Legal Copying of HD DVD and Blu-ray Discs? Huh?

Illustration for article titled Legal Copying of HD DVD and Blu-ray Discs? Huh?

Movie studios and film companies are reportedly supporting a licensing agreement that's in the final stages of completion, and it might just let you legally copy HD DVDs and Blu-ray discs. This could be a crack in the armor, a compromise for the mess that is digital rights management (DRM). What, did hell freeze over?


Michael Ayers, speaking for the AACS (Advanced Access Content System) licensing group, said Hollywood film studios and content owners may allow buyers of HD DVD and Blu-ray discs to make one backup copy of each disc, and one digital copy to reside on a home media server. Studios may charge more for these Managed Copy privileges, and will be able to dictate just how many copies you make of your movies you bought.

This is a step in the right direction. After all, DRM can go beyond an all-or-nothing equation. If the studios would simply let people make enough copies so they can use their paid-for media on whatever hardware they own, the problem of oppressive DRM restrictions might be closer to a solution. At least, this would be a better deal for the honest people.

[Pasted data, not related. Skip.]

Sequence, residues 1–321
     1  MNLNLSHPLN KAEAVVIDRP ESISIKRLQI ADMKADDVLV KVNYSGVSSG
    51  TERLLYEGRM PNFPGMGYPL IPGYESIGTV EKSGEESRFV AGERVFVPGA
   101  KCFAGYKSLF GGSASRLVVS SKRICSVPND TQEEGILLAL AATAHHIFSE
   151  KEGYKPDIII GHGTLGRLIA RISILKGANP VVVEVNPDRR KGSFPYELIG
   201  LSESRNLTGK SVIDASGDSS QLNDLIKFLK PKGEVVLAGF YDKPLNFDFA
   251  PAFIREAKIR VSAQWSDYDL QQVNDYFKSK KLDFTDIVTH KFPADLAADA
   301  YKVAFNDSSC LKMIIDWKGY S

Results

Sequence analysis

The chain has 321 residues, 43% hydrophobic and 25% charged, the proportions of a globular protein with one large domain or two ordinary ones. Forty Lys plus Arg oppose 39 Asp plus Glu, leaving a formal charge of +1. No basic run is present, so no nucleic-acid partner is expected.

One studio said it's hoping this Managed Copy system will be in place for the 2007 holiday season. Meanwhile, the HD DVD Promotional Group added that Managed Copy will be backward compatible on HD DVDs, while it won't be on Blu-ray discs. No matter what, there will still be DRM slathered all over both formats.

How many times do these copy protection schemes need to be cracked, hacked and sacked before the movie studios realize it's not going to work? The studios and the AACS licensing group might have finally seen the futility of trying to completely lock up their content. Let the people fairly use their media, and maybe it won't be so tempting to steal it.

Copying HD DVD and Blu-ray discs may become legal [Macworld, and Ars Technica]


The basic premise of this continues to be that the person purchasing the movie is a criminal, and there needs to be protections to keep the criminal from doing too much damage. Where is the vast majority of the theft of movies happening? In foreign countries where they copy a billion of these movies, and often not a single legal copy was every purchased. However, we continue to focus our anti-piracy efforts in the markets where people are actually buying the content.

Bottom line is it is hard to get excited about them giving the ability to do things we should have been able to do all along. It does not matter if it is a step in the right direction — the time for steps was years ago. They need to, by default, give the right to use the content any way we want, short of giving away the content to others. They should stop treating customers as criminals when we all know the criminals would never buy one of their movies anyway.